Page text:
If you're decidedly anti-Apple, let's put it in Windows terms. Would you suggest that Windows 3.11 and Windows Vista are the same? If not, why not? They can both use the internet, both print, both make music happen, both open pictures, etc. The point is, Vista does that stuff better and there's more art, ergonomics, and esthetic to the way in which it does it. There's a reason the iPod has a cross-platform 65% market share, and it ain't just because it can shove music into your ears.

If you still don't care, no problem. No one will stop you from picking up the latest WinCE device. If you want to read some valid critiques, check out the links in this thread.

Cheers,

-K
 
Last edited by a moderator:
Jan 11, 2007
7
0
0
#6
There is an assortment of issues with CE and Windows Mobile. From a purely technical view, Windows Mobile is antiquated. It's actually microsized version of Windows 3.11 (with a few code cleanups). The "start button" concept does not work well on a mobile device. It takes at least 4 steps to dial someone in my contacts list. I have to unlock the phone, I have to push the contacts button, scroll down to who I want, select, and then select again to call. That is very inefficient. If I want to text, I have to go through the same amount of steps to do it(Unless you use something like txtman with messaging threading). It's not ubiquitous, like the iPhone is. I can't give my mother a Q and expect her to "automagically" know how it works. The iPhone's interface, at least at first glance, seems very logical and intuitive. Apple did it with the iPod - everyday joe can listen to his music library with great ease. That's why it's been a big hit. A stylus is awkward, a qwerty keyboard and thumb wheel is awkward. The best user interface experiences are the tactile ones - where you can touch and interact with the device like it's playdo. That, for decades, has been the holy grail of UI design - and it looks like Apple is pushing it into primetime.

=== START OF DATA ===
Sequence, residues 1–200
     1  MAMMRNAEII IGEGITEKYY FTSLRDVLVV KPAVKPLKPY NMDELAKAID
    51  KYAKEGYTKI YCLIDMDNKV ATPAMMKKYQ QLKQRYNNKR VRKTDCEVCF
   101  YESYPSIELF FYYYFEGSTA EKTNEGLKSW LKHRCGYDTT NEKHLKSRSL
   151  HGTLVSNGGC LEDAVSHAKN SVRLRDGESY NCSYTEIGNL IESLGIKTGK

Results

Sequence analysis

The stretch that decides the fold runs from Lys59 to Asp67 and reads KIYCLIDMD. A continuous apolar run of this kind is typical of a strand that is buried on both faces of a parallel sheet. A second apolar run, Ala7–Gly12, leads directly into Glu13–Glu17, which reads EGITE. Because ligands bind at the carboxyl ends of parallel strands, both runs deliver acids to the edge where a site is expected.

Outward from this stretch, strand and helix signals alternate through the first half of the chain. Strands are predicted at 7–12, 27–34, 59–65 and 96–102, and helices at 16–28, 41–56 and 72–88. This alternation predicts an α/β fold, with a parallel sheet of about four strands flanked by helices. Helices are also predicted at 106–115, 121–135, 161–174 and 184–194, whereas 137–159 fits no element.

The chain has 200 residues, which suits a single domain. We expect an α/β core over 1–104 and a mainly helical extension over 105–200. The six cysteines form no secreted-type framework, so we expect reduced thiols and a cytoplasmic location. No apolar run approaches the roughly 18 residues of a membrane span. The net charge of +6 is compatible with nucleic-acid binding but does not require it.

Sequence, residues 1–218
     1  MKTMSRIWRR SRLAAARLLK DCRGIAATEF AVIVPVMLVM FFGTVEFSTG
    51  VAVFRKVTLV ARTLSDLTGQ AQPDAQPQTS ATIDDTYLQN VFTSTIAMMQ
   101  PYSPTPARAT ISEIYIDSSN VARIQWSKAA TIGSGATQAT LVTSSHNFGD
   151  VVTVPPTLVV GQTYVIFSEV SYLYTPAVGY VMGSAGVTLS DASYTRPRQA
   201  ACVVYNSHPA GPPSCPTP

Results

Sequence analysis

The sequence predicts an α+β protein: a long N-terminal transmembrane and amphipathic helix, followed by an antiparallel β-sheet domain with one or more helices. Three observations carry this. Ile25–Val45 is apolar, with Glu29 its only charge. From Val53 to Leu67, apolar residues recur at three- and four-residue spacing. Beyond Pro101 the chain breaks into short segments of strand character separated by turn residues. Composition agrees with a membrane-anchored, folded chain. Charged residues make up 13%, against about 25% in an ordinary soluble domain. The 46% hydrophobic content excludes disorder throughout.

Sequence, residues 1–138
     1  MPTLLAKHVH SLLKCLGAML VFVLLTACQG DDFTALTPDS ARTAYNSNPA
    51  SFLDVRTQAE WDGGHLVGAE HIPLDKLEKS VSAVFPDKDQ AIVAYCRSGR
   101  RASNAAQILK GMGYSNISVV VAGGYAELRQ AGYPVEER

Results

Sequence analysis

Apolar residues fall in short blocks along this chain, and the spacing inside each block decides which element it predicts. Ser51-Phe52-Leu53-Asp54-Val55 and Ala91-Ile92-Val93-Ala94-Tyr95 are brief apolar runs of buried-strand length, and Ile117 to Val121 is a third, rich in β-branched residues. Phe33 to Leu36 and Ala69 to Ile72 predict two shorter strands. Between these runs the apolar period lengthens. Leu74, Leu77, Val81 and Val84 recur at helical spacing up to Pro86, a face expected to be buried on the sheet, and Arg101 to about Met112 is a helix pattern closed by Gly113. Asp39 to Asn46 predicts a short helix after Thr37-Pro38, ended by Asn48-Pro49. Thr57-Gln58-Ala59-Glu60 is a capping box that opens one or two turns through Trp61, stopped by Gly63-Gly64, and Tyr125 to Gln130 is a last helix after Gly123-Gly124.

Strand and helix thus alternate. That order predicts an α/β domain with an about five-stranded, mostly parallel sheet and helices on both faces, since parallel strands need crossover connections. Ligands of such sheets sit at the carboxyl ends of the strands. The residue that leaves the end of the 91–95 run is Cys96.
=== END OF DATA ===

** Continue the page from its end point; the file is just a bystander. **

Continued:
Anyway, Apple hires entire legions of UI designers and researchers. The user experience is Apple's claim to fame.
 

Kabeyun

Member
Silver
Jan 10, 2007
665
0
16
Northeast US
#7
Well said.
Apple "fan-boys" should not lose objectivity, and I do have some concerns at this point. With no known third party apps, I don't know if I'll be able to migrate my Palm life (DBs, etc.) to an iPhone. But let's just admit that the thing looks sweet. Apple's always been about enabling the user rather than getting in the way.

-K
 

rmort46

New Member
Jan 10, 2007
15
0
1
#8
Migrating Palm DB, etc, to iPhone?

Well said.
Apple "fan-boys" should not lose objectivity, and I do have some concerns at this point. With no known third party apps, I don't know if I'll be able to migrate my Palm life (DBs, etc.) to an iPhone. But let's just admit that the thing looks sweet. Apple's always been about enabling the user rather than getting in the way.

-K
I am pretty much a tech dummy. I do own a Treo 650 since fall. But for all it can do, I am thrilled with its ability to strongly draw and hold a signal, make messaging an easy thing rather than a chore, retrieve my email remotely, get me to the net, and that's pretty much it. But it seems to me that the Treo is supposed to be able to download your DB, etc, to your Mac or PC. And I am assuming that there then must be a way to store that on the harddrive, etc, that would, in turn, make it easy to turn around and load it to the iPhone. Am I right? Would that actually make sense?
 

Kabeyun

Member
Silver
Jan 10, 2007
665
0
16
Northeast US
#9
It's all depends on 3 questions:
1. Will the necessary app be available for the iPhone?
2. Will the Mac document format be compatible with the iPhone app?
3. Will there be a way to get the Mac document onto the iPhone?

So far, none of these questions have been answered. The one of most interest to developers is #1. If the iPhone becomes an open platform (as of now it isn't) then #1 will be true, and #s 2 and 3 will follow.

-K

P.S. rmort46, please post with a non-bold font. That's quite an eyeful at 8:00 AM!